Feeling Depressed? Wake Up Just 1 Hour Earlier!
A new genetic study published in the journal JAMA Psychiatry on May 26 reveals that waking up one hour earlier can reduce a person’s chance of serious depression by 23%.
Researchers at the University of Colorado Boulder and hence the Broad Institute of MIT and Harvard studied 840,000 people and found some of the best evidence yet that chronotype (chronotype is an individual’s proclivity to sleep at a specific time) influences depression risk.
It’s also among the primary studies to quantify just what proportion, or little, change is required to influence the psychological state.
During this pandemic period many people changed their daily routine. Many started to work from home and learn from home. Eventually, this led many to shift to a later sleep schedule. So the above-mentioned research findings could have important implications.
For some time scientists knew that there is a relationship between sleep timing and mood. But they were never sure about how much time someone needs to go to bed to ascertain a benefit?. Finally, they found that even one hour earlier sleep timing is related to a significantly lower risk of depression.
Previous observational studies showed that night owls (People who are going to bed later than the average) are likely to suffer from depression as twice as early risers, no matter how long they sleep. But because mood disorders themselves can disrupt sleep patterns, researchers have had a tough time deciphering what causes what.
Other studies have had small sample sizes, relied on questionnaires from the one-time point, or didn’t account for environmental factors which may influence both sleep timing and mood, potentially confounding results.
Research done in 2018 with 32,000 nurses showed that “early risers” were up to 27% less likely to develop depression. These studies begged the question: What does it mean to be an early riser?
To get a clearer idea on this, lead author Iyas Daghlas, M.D.analyzed the data from the DNA testing company “23 and Me” and therefore the biomedical database UK Biobank. Daghlas then used a way called “Mendelian randomization” that leverages genetic associations to assist decipher the cause and the effect.
More than 340 common genetic variants, including variants within the so-called “clock gene” PER2, are known to influence an individual’s chronotype, and genetics collectively explains 12-42% of our sleep timing preference.
The researchers analyzed genetic data on these variants from up to 850,000 individuals (85,000 of them had worn wearable sleep trackers for 7 days and 250,000 of them had filled out sleep-preference questionnaires) This gave them a more granular picture, right down to the hour, of how variants in genes influence once we sleep and awaken.
In the largest of those samples, a few third of surveyed subjects self-identified as morning larks, 9% were night owls and therefore the rest were within the middle. Overall, the typical sleep mid-point was 3 a.m., meaning they visited bed at 11 p.m. and got up at 6 a.m.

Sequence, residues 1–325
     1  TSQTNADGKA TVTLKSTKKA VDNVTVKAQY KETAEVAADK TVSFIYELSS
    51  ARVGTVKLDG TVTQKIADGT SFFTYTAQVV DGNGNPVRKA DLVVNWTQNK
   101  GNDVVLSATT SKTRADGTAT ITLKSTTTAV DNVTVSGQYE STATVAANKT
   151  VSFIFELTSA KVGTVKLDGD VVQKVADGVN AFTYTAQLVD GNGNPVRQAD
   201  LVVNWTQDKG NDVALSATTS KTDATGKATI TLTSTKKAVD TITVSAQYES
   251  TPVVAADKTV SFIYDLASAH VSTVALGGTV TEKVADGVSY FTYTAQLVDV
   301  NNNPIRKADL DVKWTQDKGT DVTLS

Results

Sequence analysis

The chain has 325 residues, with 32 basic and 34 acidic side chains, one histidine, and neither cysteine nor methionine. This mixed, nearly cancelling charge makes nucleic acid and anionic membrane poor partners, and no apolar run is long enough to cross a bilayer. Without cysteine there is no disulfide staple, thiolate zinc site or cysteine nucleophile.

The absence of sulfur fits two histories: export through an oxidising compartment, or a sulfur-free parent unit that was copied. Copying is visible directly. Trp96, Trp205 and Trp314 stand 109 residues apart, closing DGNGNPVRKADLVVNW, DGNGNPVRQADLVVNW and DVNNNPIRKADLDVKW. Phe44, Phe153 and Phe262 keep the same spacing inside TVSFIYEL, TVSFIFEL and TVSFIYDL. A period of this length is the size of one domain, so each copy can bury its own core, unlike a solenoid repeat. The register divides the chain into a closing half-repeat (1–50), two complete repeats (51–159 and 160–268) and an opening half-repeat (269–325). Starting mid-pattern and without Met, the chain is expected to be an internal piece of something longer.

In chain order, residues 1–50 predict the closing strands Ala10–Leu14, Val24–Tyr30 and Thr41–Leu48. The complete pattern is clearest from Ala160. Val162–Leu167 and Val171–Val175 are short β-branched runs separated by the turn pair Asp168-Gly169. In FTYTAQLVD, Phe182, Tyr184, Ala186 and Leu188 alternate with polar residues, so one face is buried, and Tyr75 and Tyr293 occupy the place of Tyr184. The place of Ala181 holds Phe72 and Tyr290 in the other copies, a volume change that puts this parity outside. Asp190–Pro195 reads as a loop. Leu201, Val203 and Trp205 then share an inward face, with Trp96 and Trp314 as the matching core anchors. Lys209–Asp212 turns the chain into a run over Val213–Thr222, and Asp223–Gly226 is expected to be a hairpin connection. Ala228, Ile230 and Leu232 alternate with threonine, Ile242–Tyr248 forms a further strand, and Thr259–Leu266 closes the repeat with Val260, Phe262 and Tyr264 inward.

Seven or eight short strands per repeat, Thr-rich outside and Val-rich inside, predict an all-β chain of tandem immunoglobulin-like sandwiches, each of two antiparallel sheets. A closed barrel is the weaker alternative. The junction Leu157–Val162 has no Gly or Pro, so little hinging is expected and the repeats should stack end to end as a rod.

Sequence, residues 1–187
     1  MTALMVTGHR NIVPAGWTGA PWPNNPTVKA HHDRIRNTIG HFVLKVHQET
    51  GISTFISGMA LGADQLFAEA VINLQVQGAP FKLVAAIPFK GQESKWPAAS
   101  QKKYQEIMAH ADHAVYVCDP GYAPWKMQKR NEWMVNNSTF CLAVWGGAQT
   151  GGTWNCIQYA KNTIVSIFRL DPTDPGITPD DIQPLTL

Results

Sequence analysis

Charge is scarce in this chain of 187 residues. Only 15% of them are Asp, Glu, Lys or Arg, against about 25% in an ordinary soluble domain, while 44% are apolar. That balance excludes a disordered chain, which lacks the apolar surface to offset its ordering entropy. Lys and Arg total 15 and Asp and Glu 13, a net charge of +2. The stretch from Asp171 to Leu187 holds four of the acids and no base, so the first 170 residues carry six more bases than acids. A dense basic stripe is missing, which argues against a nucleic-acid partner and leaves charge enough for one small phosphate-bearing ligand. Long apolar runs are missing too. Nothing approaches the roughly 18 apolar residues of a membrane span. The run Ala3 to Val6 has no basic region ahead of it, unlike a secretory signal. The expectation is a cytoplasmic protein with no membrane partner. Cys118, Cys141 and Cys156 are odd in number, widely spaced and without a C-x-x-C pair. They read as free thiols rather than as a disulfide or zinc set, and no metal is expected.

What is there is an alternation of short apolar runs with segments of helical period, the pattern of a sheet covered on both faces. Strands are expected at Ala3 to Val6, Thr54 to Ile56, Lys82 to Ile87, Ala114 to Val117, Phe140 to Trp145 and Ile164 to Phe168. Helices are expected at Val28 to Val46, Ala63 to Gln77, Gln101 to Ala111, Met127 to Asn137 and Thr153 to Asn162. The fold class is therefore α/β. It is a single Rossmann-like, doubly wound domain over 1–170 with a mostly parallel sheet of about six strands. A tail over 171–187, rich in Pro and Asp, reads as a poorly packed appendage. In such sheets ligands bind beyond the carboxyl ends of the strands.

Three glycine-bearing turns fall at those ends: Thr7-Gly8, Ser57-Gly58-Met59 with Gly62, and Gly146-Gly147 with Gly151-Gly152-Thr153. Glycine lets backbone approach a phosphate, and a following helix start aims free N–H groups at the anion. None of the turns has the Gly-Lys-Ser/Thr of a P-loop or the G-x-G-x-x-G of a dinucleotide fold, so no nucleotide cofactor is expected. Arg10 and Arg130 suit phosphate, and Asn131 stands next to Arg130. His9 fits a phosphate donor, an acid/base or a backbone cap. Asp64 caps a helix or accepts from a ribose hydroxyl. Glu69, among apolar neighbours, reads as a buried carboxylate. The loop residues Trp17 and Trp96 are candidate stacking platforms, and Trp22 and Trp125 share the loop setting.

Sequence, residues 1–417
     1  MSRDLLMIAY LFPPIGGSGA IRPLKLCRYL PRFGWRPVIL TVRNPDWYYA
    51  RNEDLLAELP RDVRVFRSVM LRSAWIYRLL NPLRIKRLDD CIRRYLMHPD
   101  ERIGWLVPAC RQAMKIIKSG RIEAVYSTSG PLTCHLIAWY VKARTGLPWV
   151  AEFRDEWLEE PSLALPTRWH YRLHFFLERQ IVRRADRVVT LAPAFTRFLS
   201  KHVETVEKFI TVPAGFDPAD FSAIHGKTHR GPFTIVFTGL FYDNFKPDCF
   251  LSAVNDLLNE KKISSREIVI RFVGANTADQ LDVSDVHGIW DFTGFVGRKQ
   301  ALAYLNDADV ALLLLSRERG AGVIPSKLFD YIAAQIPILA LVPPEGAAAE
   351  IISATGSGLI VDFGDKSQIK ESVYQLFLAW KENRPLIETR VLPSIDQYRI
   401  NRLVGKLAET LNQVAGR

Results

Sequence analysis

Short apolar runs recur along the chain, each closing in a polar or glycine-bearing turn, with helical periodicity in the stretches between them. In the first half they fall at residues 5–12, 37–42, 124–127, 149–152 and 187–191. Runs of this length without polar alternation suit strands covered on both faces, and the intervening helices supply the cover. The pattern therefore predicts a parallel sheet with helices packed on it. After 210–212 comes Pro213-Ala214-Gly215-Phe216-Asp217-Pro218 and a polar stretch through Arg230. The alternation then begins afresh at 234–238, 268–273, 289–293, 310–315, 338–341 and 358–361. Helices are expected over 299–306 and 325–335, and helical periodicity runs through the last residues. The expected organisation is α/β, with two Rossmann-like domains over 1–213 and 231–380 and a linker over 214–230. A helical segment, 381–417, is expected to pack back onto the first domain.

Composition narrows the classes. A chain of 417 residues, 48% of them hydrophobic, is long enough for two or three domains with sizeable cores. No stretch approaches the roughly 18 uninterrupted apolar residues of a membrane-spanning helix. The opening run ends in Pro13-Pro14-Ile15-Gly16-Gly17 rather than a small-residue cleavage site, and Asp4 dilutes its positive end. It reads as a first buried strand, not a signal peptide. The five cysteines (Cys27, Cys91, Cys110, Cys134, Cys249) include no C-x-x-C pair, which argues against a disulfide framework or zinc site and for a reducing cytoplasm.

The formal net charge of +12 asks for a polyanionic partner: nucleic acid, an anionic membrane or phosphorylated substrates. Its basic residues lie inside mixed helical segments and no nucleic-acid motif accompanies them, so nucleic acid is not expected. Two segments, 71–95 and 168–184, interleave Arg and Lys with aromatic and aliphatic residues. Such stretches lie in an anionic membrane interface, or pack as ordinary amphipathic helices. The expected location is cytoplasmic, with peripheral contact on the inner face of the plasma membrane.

With this information in hand, the researchers turned to a special sample including genetic information alongside anonymized medical and prescription records and surveys about diagnoses of major clinical depression.
Using novel statistical techniques they tried to find an answer to a very important question. And that question was; Do people with genetic variants, which predispose them to be early risers, have a lower risk of depression?
The answer was a firm yes.
Each one-hour earlier sleep is considered to be lowering the risk of major clinical depression by 23%.
According to the results, we can come to a conclusion that if someone who normally goes to bed at 01.00 a.m. goes to bed at 12.00 a.m. instead and sleeps an equivalent duration, they might cut their risk by 23%. Similarly, if they are going to bed at 11 p.m., they might cut it by about 40%.
It’s unclear from the study whether those that are already early risers may benefit from getting up even earlier. except for those within the intermediate range or evening range, shifting to an earlier bedtime would likely be helpful.
What could explain this effect?
Some research suggests that getting greater light exposure during the day, which early-risers tend to urge, leads to a cascade of hormonal impacts which will influence mood.
Others note that having a mechanism, or biological time, that trends differently than most peoples’ can in itself be depressing.
“We sleep in a society that’s designed for morning people, and evening people often feel as if they’re during a constant state of misalignment thereupon societal clock,” said Daghlas.
He stresses that an outsized randomized clinical test is important to work out definitively whether getting to bed early can reduce depression. This study definitely gives evidence supporting the effect of sleep timing on depression.
For those eager to shift themselves to an earlier sleep schedule, Vetter offers this advice:
“Keep your days bright and your nights dark,” she says. “Have your morning coffee on the porch. Walk or ride your bike to figure if you’ll, and dim those electronics within the evening.”